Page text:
Petroleum valves are widely used in the oil and gas industry, and different types of petroleum valves have different functions. This article will introduce in detail the specific applications of petroleum valves in the oil and gas industry.
Historically, the oil and natural gas industry has brought difficult and harsh operating conditions to equipment suppliers and production personnel. For petroleum valve manufacturers, this has translated into a growing demand for stronger, longer-lasting, and better-performing oil and gas valves.
The demand for oil and natural gas increased substantially during the Industrial Revolution and further increased to promote the development of the western economy. This demand has stimulated the need for deeper wells, longer pipelines and lower production costs, which requires drillers and refineries to choose equipment more carefully. With the advancement of production, transportation, and processing technologies, equipment performance requirements have become more and more stringent to support the ever-increasing operational efficiency. Today, performance expectations are higher than ever, because the diversity of operating conditions has expanded, and the protection of personnel and the environment has been added to the list of requirements.
The petroleum valve service environment and operating conditions in the oil and gas industry are unique and extreme. From abnormally high temperature (greater than 1,500 to 816 C) and high pressure (greater than 25,000 PSIG) to low temperature (-150 F or -101 C) or low temperature (-260 F or -162 C) and extremely low-pressure applications, petroleum valve design must meet these extremes strict condition. In addition to this wide range of conditions, the remote areas served by petroleum valves also present unique challenges. Examples include deep-sea petroleum valves that operate 10,000 feet (3,048 meters) below the sea surface and pipeline valves that are exposed to extreme temperatures in the desert. In these harsh environments, petroleum valves may remain open or closed for a long time, but even if they have not been recycled for many years, they must remain in a reliable operating state.
Every part of the oil and gas industry—upstream, midstream, and downstream—provides examples of extreme petroleum valve conditions. In the upstream section, the petroleum valve controls the flow of crude oil and natural gas from the high-pressure injection system to the top-well choke valve and blowout preventer. The petroleum valve system is required to play a role in the multi-year life of the production well-life depends on different factors such as the economy and new recovery technology. The new discoveries of oil and gas from tar sands and shale formations add complexity to valve specifications because they need to pipe oil and gas to processing facilities miles away.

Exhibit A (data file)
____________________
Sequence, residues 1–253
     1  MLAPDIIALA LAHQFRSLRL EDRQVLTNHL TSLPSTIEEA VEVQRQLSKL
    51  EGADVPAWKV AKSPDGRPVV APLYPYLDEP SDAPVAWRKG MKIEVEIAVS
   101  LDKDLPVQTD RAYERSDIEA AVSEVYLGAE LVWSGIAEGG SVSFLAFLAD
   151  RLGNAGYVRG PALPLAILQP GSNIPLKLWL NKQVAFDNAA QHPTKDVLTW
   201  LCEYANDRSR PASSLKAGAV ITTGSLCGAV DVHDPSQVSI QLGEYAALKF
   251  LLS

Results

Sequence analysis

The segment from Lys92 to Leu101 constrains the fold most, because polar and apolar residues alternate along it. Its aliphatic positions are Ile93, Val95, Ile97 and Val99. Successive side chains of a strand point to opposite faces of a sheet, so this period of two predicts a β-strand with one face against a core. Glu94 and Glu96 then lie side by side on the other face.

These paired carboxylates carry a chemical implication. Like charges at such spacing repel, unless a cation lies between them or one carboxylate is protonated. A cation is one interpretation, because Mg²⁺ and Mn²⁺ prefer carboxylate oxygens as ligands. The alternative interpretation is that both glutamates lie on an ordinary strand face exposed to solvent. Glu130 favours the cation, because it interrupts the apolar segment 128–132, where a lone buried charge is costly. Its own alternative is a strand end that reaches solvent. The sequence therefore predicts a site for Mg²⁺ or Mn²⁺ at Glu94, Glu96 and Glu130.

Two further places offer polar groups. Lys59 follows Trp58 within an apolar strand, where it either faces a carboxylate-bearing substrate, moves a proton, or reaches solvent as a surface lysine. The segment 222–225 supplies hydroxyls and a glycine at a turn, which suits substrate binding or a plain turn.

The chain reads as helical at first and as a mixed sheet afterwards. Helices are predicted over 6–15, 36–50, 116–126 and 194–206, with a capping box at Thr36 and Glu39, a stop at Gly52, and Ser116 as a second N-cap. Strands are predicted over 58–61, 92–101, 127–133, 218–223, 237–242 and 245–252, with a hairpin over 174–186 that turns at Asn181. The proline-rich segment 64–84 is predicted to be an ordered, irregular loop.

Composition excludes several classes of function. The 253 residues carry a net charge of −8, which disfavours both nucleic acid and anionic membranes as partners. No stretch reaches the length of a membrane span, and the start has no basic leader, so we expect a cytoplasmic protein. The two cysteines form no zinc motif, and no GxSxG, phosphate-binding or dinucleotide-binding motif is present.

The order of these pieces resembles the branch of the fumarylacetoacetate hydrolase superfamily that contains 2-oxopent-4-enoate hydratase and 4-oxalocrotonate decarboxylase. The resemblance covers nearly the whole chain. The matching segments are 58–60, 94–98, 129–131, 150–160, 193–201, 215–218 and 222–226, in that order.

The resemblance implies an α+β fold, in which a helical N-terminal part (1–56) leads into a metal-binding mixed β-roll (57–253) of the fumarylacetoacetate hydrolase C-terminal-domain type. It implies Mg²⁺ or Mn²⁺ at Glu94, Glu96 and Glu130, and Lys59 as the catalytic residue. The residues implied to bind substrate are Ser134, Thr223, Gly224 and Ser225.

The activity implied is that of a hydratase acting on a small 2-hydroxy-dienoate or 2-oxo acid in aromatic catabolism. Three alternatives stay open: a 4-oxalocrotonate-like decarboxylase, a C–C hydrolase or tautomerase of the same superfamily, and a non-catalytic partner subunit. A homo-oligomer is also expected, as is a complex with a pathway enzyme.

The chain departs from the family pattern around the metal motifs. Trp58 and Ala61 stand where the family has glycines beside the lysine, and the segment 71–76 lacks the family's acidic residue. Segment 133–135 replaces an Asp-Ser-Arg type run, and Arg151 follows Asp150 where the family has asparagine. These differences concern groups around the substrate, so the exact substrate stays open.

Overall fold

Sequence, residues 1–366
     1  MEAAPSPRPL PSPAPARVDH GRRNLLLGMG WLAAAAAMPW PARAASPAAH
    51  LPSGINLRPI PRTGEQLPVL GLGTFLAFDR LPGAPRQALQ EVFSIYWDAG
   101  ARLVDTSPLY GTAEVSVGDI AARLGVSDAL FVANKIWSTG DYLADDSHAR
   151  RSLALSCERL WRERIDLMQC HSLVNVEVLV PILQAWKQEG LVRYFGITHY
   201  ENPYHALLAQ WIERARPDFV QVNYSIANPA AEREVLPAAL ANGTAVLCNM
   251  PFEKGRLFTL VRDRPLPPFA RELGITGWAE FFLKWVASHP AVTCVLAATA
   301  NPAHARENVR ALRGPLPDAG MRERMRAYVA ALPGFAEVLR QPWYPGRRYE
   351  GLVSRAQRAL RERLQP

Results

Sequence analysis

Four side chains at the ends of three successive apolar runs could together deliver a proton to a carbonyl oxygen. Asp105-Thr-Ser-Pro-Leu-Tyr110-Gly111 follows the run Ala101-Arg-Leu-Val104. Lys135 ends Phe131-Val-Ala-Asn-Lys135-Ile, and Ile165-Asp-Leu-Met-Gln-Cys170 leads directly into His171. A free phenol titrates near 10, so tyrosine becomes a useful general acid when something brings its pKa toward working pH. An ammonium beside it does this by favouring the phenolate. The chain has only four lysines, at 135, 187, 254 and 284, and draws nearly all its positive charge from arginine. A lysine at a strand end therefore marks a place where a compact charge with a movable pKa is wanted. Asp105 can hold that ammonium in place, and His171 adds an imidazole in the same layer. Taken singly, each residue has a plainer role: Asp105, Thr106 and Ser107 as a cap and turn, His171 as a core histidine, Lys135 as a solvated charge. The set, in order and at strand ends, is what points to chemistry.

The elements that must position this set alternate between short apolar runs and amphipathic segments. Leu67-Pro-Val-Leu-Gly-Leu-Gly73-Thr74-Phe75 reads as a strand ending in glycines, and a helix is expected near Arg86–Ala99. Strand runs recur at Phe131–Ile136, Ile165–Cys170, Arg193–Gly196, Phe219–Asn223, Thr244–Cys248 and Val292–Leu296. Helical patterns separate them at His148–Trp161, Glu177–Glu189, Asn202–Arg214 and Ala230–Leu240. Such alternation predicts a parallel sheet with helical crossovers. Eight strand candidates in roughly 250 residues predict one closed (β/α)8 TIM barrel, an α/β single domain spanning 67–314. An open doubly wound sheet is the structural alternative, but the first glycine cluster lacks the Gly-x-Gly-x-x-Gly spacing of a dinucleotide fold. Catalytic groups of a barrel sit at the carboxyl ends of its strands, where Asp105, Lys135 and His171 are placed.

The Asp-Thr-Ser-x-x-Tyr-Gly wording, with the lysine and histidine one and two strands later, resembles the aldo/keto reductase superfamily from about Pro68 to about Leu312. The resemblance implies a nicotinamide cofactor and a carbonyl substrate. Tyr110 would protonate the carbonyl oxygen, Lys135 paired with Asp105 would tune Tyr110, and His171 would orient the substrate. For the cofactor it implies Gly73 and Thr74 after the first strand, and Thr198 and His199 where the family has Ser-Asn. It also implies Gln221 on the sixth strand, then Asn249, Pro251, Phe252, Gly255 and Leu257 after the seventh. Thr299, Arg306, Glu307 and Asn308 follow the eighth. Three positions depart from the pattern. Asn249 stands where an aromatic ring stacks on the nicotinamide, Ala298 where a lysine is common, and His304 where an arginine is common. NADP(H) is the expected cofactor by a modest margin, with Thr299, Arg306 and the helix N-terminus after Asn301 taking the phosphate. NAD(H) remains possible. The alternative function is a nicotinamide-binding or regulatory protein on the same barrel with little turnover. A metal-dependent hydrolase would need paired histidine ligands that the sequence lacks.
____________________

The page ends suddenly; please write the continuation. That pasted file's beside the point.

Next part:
The midstream part-the storage and transportation of oil and natural gas resources from remote resources (such as deep-water oil fields in the Gulf of Mexico or frozen tundra in Alaska)-has another unique set of conditions. Long pipelines require compressors along the way to maintain the flow of oil and natural gas, and require petroleum valves to protect equipment while providing minimal restrictions on flow. The conversion of natural gas into natural gas liquids in preparation for transportation from isolated gas fields to the natural gas consumer market requires extremely low temperatures. Cryogenic service requires the valve to be made of materials suitable for low temperatures and other special designs. Midstream solutions for oil and gas product loading and unloading terminals and storage tanks provide more opportunities for valve suppliers.
The tertiary industry sector-downstream brings challenges to the crude oil refining process and the sale and distribution of refined products (i.e. gasoline, fuel, bitumen, etc.) and natural gas. This part is composed of industrial, retail, distribution businesses, and is a department that provides products such as heating and transportation fuels to consumers and businesses. In addition, this part provides raw materials for various petrochemical industries that use petroleum products to make plastics, fertilizers, and medicines. Petroleum valve requirements in the downstream market include higher pressure design and metal sealing technology to adapt to the operating temperature of modern oil refineries.
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The oil and gas industry provides petroleum valve manufacturers with harsh environments for discovery, transportation, and refining, which pose extreme application challenges. At the same time, it also brings huge business opportunities to petroleum valve manufacturers. Every pipeline system in the oil and gas field requires control, regulation, shut-off and backflow prevention services. On the premise that the valve manufacturer has met industry standards. With market expectations rebounding, valve manufacturers in the oil and gas field have reason to be excited about the future.